CANADA'S competition watchdog is weighing in on a draft code of conduct for the wireless industry and calling for a ban on "locking" handsets, minimal termination fees and other steps that would encourage mobility between different carriers.
In a submission released this week, the Competition Bureau said Canadians would enjoy lower prices, better service and increased innovation through "discouraging the creation of switching costs that tend to reduce customer mobility, and effectively encouraging the provision of sufficient information to enable informed consumer choice."
Industry practices have tended to impose costs on consumers who wish to avail themselves of competitive alternatives.
The federal agency made the submission in response to the Canadian Radio-Television and Telecommunications Commission's publication last week of a working paper on a proposed code of conduct for Canada's $19.1-billion wireless industry.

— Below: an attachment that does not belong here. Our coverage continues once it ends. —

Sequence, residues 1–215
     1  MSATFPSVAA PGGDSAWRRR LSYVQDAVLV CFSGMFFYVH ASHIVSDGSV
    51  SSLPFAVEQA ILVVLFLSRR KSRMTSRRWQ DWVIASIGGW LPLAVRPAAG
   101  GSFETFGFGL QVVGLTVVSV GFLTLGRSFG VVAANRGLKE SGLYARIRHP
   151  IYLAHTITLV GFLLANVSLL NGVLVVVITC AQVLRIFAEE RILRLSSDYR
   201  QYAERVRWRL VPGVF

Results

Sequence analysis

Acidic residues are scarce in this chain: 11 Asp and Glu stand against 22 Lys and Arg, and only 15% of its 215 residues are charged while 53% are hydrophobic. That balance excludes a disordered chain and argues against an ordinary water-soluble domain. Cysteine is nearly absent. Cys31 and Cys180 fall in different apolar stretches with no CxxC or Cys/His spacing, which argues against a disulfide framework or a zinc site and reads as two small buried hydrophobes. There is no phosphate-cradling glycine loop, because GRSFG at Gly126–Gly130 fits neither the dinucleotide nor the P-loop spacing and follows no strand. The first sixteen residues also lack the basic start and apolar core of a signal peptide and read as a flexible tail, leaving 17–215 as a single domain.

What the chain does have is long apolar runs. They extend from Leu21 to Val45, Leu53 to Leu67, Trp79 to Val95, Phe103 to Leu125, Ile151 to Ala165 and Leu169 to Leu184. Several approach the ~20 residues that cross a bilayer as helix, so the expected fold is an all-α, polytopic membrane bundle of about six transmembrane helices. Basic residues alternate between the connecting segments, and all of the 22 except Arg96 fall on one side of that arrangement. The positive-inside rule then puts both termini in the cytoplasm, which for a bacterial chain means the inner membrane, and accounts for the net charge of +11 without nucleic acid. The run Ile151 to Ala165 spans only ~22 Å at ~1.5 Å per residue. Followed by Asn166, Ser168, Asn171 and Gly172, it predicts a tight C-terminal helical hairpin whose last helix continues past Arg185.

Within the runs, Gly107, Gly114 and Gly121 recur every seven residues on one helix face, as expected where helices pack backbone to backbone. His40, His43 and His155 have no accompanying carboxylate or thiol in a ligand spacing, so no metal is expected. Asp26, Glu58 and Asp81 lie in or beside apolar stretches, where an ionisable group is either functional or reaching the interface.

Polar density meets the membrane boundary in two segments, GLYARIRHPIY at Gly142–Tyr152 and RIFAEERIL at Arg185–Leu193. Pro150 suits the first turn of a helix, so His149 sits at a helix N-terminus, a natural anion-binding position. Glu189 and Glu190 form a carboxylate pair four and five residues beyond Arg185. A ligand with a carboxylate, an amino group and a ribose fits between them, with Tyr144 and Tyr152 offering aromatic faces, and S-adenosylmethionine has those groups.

The CRTC began seeking input into a national code of conduct last fall and will hold public-consultation hearings on the code next week.
In Wednesday's submission, the competition watchdog focused on two main issues.
"First, certain industry practices have tended to impose costs on consumers who wish to avail themselves of competitive alternatives," the Bureau said.
"Second, consumers are not always provided with sufficient information in an adequately clear manner to make informed purchase decisions."
On the issue of switching costs, the bureau said wireless service contracts should be limited in duration, noting long-term contracts like the three-year terms common among Canadian wireless carriers, can harm competition.
It also said locked handsets, which can only be used on one network, "are a powerful block to consumers who want to switch service providers," and the practice should be prohibited.
The bureau also targeted excessive termination fees in its submission and said advertised prices should disclose all mandatory costs and limited plans should not be advertised as "unlimited."
-- Postmedia News